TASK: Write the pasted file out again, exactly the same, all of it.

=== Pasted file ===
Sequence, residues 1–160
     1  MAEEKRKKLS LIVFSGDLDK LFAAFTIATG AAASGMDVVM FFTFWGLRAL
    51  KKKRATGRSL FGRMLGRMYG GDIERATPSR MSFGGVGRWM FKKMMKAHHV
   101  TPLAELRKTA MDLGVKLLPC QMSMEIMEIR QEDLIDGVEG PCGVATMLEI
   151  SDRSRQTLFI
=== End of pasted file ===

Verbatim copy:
Sequence, residues 1–160
     1  MAEEKRKKLS LIVFSGDLDK LFAAFTIATG AAASGMDVVM FFTFWGLRAL
    51  KKKRATGRSL FGRMLGRMYG GDIERATPSR MSFGGVGRWM FKKMMKAHHV
   101  TPLAELRKTA MDLGVKLLPC QMSMEIMEIR QEDLIDGVEG PCGVATMLEI
   151  SDRSRQTLFI